Reducing Food Waste in Households

Each year, one-third of all food produced around the world ends up in landfill. That’s over 1 billion tonnes of uneaten food. This becomes a problem because wasting food feeds climate change.

Food accounts for 8-10% of global greenhouse gas emissions, and that does not include emissions produced by producing the food itself, nor transporting food, and other activities to bring food from the farm to your table.

One Australian organisation committed to tackling food waste is OzHarvest, who wanted to develop an impactful campaign to inspire citizen action. They approached BWA to help understand this complex issue and conduct new research into which behaviours matter the most. The findings from the research later informed OzHarvest’s Use-It-Up campaign that launched on International Food Loss and Waste Day 2021.

The challenge:
Identifying, and prioritising, behaviours to reduce food waste at home

What’s the problem?

Australian households throw out 2.5 million tonnes of food each year and about 70% of this is edible food. It costs households on average  $2,000 - $2,500 each year. 

Changing behaviour at a household level is critical to addressing the problem of food waste.

What did we do?

To help identify behaviours that reduce the amount of food Australians throw away, we reviewed Australian and international literature and together with OzHarvest held online workshops with 30 experts to collate a list of 36 actions to reduce food waste.

To prioritise the most appropriate  behaviours for the campaign, we first surveyed national and international food waste experts, asking them to rank behaviours based on their impact in reducing food waste. We then surveyed 1,600 Australian households about the current participation in these behaviours and their perceptions of the effort associated with each one.

We then plotted these insights on an impact-likelihood matrix, which provides a visual decision making tool for different behaviours to target, based on their impact, likelihood of uptake (relative ease) and their current adoption rates. 

What did we find?

The impact-likelihood matrix revealed a number of interesting patterns, including a cluster or behaviours that were high impact and had a high likelihood of uptake (relatively easy) and another cluster of high impact behaviours that had a lower likelihood of uptake (relatively harder). This suggests an initial focus on the first cluster (low hanging fruit) and a longer term focus on the second cluster.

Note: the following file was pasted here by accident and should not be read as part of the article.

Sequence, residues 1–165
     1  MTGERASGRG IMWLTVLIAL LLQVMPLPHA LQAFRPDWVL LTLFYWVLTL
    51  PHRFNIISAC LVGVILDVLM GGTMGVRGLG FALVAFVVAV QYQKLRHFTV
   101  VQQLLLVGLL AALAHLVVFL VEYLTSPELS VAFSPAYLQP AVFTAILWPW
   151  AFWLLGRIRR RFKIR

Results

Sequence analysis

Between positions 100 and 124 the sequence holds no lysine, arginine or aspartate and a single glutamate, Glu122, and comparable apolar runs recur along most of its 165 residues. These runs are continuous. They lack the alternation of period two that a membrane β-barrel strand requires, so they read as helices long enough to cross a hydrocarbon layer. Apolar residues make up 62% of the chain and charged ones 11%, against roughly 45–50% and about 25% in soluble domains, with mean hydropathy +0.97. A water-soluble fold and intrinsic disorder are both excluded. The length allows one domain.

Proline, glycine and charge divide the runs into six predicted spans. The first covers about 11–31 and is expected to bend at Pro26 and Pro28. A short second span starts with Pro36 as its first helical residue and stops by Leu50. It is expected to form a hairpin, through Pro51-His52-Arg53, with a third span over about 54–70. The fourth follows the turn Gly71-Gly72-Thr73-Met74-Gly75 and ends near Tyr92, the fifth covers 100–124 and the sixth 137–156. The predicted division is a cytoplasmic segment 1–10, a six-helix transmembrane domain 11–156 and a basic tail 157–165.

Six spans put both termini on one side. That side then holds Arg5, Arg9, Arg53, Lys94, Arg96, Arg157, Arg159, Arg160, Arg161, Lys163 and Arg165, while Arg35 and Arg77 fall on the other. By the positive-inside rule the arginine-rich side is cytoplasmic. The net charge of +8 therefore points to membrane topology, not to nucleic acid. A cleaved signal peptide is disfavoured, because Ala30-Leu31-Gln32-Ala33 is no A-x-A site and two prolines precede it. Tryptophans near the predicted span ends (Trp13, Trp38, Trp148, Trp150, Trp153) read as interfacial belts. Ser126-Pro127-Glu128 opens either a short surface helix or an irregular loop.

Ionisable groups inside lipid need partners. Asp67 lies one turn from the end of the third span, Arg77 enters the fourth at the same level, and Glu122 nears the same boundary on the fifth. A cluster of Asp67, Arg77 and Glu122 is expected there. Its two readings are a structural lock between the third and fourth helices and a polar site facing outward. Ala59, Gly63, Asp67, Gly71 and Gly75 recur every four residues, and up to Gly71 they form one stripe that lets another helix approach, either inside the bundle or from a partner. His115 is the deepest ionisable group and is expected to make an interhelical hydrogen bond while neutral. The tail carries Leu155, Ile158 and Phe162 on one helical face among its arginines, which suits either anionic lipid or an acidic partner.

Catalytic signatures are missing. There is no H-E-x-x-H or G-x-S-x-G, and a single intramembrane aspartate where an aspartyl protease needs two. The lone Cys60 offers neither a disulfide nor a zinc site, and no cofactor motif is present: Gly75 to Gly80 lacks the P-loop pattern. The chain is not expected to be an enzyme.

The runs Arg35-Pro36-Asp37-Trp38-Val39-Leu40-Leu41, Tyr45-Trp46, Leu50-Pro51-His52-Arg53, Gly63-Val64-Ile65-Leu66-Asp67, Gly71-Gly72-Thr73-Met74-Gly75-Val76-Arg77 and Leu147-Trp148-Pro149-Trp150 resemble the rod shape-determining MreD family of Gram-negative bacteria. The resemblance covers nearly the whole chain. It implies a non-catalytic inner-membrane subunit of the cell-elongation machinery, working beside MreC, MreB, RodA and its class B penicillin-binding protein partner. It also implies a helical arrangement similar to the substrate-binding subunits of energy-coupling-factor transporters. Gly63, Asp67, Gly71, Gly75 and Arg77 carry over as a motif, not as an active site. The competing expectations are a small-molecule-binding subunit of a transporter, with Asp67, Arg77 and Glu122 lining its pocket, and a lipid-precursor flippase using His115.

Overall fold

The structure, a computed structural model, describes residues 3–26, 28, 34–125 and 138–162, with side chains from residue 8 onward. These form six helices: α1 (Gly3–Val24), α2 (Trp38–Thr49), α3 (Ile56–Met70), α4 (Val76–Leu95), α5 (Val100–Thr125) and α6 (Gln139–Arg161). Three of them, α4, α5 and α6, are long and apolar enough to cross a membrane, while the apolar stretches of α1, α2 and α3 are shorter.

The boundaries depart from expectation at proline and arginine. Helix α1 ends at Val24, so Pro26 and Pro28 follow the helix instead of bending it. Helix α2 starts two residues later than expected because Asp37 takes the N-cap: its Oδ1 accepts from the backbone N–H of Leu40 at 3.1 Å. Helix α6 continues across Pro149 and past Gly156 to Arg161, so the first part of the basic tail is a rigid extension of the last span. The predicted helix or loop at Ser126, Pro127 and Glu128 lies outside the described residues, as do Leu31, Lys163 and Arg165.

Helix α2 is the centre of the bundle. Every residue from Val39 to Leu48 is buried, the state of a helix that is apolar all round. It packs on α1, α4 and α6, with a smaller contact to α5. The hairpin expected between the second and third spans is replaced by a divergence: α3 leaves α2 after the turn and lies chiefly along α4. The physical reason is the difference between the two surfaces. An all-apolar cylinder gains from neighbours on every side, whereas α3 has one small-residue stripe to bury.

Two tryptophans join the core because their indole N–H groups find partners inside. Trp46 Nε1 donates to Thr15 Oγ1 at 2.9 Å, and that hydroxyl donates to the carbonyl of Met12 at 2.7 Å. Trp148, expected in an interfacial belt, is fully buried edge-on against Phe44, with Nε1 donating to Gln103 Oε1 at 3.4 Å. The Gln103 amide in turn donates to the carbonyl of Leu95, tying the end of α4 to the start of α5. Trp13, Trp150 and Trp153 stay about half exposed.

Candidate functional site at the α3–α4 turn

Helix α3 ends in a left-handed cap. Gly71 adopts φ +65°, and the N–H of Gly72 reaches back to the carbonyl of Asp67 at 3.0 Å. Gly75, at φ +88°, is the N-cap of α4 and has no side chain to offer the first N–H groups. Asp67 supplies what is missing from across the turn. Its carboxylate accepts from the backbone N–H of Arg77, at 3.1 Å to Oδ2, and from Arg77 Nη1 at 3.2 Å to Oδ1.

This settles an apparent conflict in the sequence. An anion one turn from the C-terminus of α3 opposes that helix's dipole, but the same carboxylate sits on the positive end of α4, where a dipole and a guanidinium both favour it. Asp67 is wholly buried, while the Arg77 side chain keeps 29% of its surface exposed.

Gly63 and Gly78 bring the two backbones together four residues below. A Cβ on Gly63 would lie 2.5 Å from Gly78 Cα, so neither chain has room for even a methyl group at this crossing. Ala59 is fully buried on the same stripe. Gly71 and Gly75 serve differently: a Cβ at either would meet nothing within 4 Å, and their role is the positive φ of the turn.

Mapping current adoption rates over these behaviours helped to prioritise further within each cluster. The final selection of target for OzHarvest based on impact, likelihood and current adoption was:

  • Once a week cook a meal that combines any good that needs using up.
  • In the fridge or pantry, create a space for any food that needs using up (a ‘use-it up’ shelf).
  • Before preparing a meal, check how many in the household will be there to eat.

Using insights to build a campaign

Armed with these insights, OzHarvest developed the campaign Use-It-Up targeting the most impactful behaviours, including (1) having a Use-It-Up shelf, and, (2) cooking a weekly Use-It-Up meal.

To get the nation on board and inspire behavioural change, OzHarvest worked with creative agency R/GA to design a new product to make it easy for people to waste less at home. The Use-It-Up tape - helps you see what food needs using up by marking out a shelf or space in your fridge, freezer of pantry or using as stickers on food or containers. 

You can find out more about this research from the OzHarvest website and from this Conversation article.  

Next steps

The Use It Up campaign launched on 29th September (International Food Loss & Waste Day) and is gathering momentum across the country. To help build long-term behavioural change OzHarvest is planning further elements for roll out over the next 6 - 8 months. BWA will be assisting in running surveys to capture the food waste and behavioural impact of the Use It Up tape. 

Have a project for us?

We'd love to help you unpack the problem. Get in touch.

Thanks for your interest.

Your message has been received.
We'll be in touch shortly.

Oops! Something went wrong while submitting the form.